The children in different villages of Kazakhstan grew up with poems written by Abai, with his songs, they were “chicks of the nest of Abai.” There were stunning rich libraries in Semirechye — an amazing benefit of “colonization,” and there were both economic works and socio-political treatises. For Abai, enlightenment became a special means of struggle against the very serious challenges of time and space. And as a result, he managed to stir up the people, and as the leader of the Alash-Orda Party Alikhan Bukeikhanov said, Abai himself became the spiritual leader of the new Kazakh nation.
During the years of repression, the Kazakh intelligentsia that grew up thanks to Abai, was brutally beaten down, but the wealth of spirituality planted by him proved capable of withstanding those terrible conditions. People learned the poems of Abai and his followers by heart, which illustrated the amazing ability of the people to survive and resist death.
And now, reading Abai and listening to his songs, Kazakhs perceive him as a savior of the people. Abai has become a civilizational figure who has preserved the spirit of the ancient nomadic people, and the nomadic world with its unique worldview and sense of space and put them in context in world civilization. Even now, the current youth of Kazakhstan is in love with Abai.
Maxims of Abai
– Many events dedicated to the 175th anniversary of Abai are to be held in Kazakhstan and in the world this year. Abai is an akyn, that is, a folk singer. What is the attitude of the people to the celebration of the anniversary?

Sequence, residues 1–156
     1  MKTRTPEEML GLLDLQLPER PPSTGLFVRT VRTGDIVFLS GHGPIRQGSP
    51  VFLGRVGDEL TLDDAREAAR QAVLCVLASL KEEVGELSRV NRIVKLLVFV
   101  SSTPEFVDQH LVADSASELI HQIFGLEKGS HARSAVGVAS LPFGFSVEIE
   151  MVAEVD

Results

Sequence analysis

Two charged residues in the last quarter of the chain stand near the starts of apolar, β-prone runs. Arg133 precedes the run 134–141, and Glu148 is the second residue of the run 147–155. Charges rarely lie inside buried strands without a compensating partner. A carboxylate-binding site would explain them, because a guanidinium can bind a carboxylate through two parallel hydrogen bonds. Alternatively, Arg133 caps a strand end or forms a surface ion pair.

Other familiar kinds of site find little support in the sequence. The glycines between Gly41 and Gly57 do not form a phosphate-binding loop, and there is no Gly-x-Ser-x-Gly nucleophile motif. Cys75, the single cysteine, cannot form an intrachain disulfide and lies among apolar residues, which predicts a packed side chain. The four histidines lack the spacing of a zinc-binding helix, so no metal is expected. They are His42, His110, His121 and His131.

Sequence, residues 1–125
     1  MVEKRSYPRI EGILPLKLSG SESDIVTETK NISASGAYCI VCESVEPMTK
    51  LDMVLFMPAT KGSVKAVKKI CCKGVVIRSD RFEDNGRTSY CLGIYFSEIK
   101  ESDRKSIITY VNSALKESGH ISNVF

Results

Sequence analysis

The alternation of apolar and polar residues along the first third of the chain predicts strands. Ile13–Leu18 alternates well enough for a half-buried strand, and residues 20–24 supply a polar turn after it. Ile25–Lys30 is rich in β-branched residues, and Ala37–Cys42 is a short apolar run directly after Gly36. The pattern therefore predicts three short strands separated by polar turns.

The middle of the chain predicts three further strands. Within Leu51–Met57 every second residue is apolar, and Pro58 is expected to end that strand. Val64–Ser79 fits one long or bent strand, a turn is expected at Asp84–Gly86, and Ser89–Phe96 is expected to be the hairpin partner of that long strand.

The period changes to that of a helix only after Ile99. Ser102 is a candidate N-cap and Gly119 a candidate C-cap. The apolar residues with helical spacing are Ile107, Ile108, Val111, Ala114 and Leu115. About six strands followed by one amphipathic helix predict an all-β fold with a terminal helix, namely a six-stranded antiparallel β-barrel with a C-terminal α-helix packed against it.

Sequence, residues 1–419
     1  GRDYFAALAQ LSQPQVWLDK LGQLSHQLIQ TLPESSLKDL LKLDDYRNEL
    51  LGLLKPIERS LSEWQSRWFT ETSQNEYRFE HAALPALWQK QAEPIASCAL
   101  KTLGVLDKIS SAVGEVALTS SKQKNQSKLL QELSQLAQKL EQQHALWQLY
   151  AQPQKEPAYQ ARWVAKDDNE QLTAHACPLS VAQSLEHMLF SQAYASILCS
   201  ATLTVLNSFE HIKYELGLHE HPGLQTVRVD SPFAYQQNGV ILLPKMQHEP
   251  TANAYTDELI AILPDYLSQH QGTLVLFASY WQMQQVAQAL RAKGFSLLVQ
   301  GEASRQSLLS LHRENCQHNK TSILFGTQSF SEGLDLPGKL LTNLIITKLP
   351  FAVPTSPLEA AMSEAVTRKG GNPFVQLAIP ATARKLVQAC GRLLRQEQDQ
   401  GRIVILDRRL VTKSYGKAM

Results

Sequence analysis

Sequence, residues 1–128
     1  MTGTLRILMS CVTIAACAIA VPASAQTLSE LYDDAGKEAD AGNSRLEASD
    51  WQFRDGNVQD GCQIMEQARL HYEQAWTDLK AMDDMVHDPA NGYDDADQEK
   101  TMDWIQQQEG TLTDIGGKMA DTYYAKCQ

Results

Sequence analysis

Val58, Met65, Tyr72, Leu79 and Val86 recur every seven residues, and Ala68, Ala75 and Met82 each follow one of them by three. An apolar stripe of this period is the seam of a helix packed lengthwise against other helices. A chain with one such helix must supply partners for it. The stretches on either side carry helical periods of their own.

– Nowadays it does not matter so much how much money the state has allocated for events dedicated to the anniversary of Abai, there are amazing volunteer efforts to preserve the memory of his work, thoughts and ideas. Recently, 525 people, including myself, began to read “The Path of Abai” on television and radio in Kazakh. I was offered the first spot, since I am the son of Mukhtar Auezov. I read the first two pages. But people of different ages and professions read and will continue reading the poem. The famous writer Anatoly Kim made an inspired translation of the encyclopedic work “The Path of Abai.” And now Russian children – my acquaintances, children of friends, driving school college students with whom I spoke recently — they have taken the initiative themselves and read Mukhtar Auezov’s poem in Russian.
The modern youth have an understanding of Abai, who loved mountains, land, steppes, people, and who wished them the most in life. His works pierce with their strength even reaching those who do not really enjoy reading. Even those people, who saw something written by Abai out of the corner of their eyes, will forever become his readers and admirers. And when people, wherever they live, face the question of survival, like in the case of today’s coronavirus epidemic, a crisis that we are mostly in the dark about, Abai comes to the rescue with his deep philosophy on life, on faith and on humanity. The main thing for people, according to Abai, is to preserve and nurture the human in themselves.